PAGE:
marathon day 21: a long way to go

Data Collection
  • total of 117 unique signs (60 2-handed signs + 57 2-handed signs)
  • 3 signers per sign; on average 2 samples per sign per signer
  • approximately 700 isolated sign samples
  • 88 out of 700 isolated sign samples edited
  • 63 grouped sign samples
  • 37 out of 68 grouped sign samples edited

This is far from complete. In addition to editing the existing samples I also need to annotate and re-sample (resize) them appropriately. Analysis should reveal the direction(s) to take the research; this implies a new list will be made designed to capture/answer the questions raised during the analysis. One question already raised is this: what is the complexity of one-handed signs vs. two-handed signs?

Papers and Presentations
  • draft Chapter 1: Introduction almost done
  • draft Chapter 2: Review of Related Lit almost done
  • draft Chapter 3: Research Problem started
  • draft Chapter 4: Methodology started
  • draft Chapter 5: Results has nothing yet
  • elevator pitch presentation half-way done; needs more images/pictures
  • proposal defense presentation not even close

The goal is to produce a draft that can be edited and tweaked for three purposes: (a) a mid-term report; (b) paper for publication; and (c) thesis proposal.


minor updates

  • changed "research tips" label to "research"
  • added "marathon" label to all research marathon posts
  • added title to marathon day 4 post

marathon day 18: small steps

FSL video progress

  • 90 out of 127 signs (9 out of 13 groups) recorded
  • 2 out of 3 signers recorded
  • 90 out of 328 recorded samples processed

Proposal/Thesis Paper writing

  • configured LaTeX templates
  • draft Chapter 1: Introduction
  • draft Chapter 2: Related Literature
  • draft Chapter 3: Research Problem


Underestimating the Problem

update: minor edits for clarification

Challenges in Sign Language Recogniton

  1. Multiple types of events
  2. Multiple channels
  3. Multiple interpretations
  4. Sign language linguistics

Multiple types of events
From an earlier post, I mentioned that sign language has several things going on. We need to look at the hand shapes, the arm motion with respect to the body, the body posture, and facial expressions; each one a different problem. For example, recognizing facial expressions require a different sort of processing than tracking arm motions.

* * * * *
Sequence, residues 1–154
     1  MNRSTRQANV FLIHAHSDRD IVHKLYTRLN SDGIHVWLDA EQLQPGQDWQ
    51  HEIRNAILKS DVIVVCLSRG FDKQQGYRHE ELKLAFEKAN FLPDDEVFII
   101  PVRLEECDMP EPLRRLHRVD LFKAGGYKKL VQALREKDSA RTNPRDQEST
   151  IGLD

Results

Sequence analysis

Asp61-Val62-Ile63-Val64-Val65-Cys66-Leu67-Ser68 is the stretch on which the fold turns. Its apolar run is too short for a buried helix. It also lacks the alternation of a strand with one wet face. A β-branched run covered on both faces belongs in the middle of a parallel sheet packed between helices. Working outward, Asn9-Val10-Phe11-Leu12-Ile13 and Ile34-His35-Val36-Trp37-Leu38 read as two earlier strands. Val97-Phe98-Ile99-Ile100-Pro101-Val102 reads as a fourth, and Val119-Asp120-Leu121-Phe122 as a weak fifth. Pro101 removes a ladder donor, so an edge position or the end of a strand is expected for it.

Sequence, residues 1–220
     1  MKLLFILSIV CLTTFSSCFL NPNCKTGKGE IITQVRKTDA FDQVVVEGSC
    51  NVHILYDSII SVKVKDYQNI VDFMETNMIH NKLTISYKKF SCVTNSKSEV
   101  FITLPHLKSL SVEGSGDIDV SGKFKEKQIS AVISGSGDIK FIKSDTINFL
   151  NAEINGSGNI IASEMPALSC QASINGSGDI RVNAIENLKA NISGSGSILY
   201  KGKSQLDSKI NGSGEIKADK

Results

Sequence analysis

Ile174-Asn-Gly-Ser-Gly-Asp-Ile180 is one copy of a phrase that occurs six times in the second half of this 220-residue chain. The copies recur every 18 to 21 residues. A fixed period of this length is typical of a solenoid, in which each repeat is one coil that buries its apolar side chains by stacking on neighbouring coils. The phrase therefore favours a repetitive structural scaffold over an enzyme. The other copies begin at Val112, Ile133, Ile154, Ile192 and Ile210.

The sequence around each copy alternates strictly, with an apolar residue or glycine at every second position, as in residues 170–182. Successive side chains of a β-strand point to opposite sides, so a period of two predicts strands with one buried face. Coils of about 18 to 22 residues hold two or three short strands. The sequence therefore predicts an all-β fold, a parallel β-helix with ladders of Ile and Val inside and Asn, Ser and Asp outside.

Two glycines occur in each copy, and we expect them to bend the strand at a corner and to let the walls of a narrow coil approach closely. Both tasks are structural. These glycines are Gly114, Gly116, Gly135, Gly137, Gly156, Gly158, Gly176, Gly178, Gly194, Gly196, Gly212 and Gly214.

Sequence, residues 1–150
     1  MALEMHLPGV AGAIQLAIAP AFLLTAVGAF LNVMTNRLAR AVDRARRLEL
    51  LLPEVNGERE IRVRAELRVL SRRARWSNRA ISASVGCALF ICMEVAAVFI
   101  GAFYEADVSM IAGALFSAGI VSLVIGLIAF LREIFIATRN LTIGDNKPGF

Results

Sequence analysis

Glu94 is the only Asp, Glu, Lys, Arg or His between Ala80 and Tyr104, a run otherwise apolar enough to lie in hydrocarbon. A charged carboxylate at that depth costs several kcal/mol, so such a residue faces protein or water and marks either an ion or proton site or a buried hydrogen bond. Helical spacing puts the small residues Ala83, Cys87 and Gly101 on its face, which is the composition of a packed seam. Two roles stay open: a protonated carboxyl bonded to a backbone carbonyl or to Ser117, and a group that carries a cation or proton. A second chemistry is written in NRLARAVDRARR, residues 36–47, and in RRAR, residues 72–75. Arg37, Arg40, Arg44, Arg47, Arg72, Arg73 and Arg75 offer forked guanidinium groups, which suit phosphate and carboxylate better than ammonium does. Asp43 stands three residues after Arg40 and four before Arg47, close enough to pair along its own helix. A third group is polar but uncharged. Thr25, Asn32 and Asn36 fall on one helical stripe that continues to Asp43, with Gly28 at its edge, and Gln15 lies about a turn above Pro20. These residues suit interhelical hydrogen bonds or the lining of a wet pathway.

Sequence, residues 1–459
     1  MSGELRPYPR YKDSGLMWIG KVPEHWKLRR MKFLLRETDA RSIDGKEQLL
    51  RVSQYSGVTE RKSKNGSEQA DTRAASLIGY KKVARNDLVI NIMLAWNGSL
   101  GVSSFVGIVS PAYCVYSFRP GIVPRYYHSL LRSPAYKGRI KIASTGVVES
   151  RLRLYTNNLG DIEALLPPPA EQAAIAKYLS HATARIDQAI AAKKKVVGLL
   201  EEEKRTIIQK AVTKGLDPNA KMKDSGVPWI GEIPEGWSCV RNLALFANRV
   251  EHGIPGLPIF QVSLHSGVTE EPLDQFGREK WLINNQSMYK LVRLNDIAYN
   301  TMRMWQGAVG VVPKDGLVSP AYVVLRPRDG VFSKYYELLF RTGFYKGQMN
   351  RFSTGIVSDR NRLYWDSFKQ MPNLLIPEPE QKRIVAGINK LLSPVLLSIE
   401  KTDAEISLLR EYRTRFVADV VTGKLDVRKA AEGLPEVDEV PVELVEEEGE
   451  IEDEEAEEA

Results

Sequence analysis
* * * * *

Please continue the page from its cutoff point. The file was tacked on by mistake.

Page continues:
Multiple channels
We can think of a channel as "one thing to keep an eye on". In sign language we have at least three channels: the left arm, the right arm and the face. Thankfully, we only have a limited set of combinations with types of events. For example, hands are found on the ends of the arms. If we can track the arms, we can easily find the hands. In general, we will never find a head on the end of an arm.

Multiple Interpretations
This is where things get messy. When you see a gesture, it could be one of three things: (a) a lexical(?) sign, (b) a (cultural) gesture or (c) visual action. (I am not sure if lexical is the correct term to use.)

  • lexical signs: This is what you would normally think of as a sign - a gesture + hand shape + facial expression that has a specific meaning. You could think of it as words or phrases in sign language.
  • gestures: This is a gesture that has specific meaning to a particular culture. For example showing someone an extended middle to insult them. This gesture is known and used by both signers and non-signers alike.
  • visual action: Like playing Charades, the motion of the hands, arms, head, and body act out something related to the meaning or idea being conveyed.

For example, let's say the signer taps the side of their head with their index finger. Does that mean (a) the sign for THINKING; or does it mean (b) "he's crazy"; or is it (c) acting out "something long and thin poked my head"?

Sign Language linguistics
On top of all of that, we have sign language linguistics. How can we tell when one sign ends and another begins? Unfortunately, we don't have a clear model for Filipino Sign Language at the sentence and discourse levels, which means that automatic, real-time translation is not possible at the moment.

marathon day 15: I lost my nose

It is time to re-evaluate our progress. What have we accomplished? What have we learned?


  1. Created a screencast of the prototype of the visualization tool for demonstrations.
  2. Incremental improvements in the visualization tool.
  3. Standardized the mencoder options for my data files. mencoder is part of the MPlayer project.
  4. Scheduled additional recording sessions with the Deaf next week.
  5. Edited two groups of FSL video recordings. I am looking into automating this with video segmentation.
  6. Started working on the problem of metrics. How do I measure similarities between (recorded) signs?


  1. Re-organized the files under my thesis directory. Includes updates to the back-up scripts.
  2. Added to the goals for the marathon: video segmentation module
  3. Added to the goals for the marathon: hand shape recognition
  4. Added to the goals for the marathon: hand tracking
  5. Constantly underestimate the scope of sign language complexity.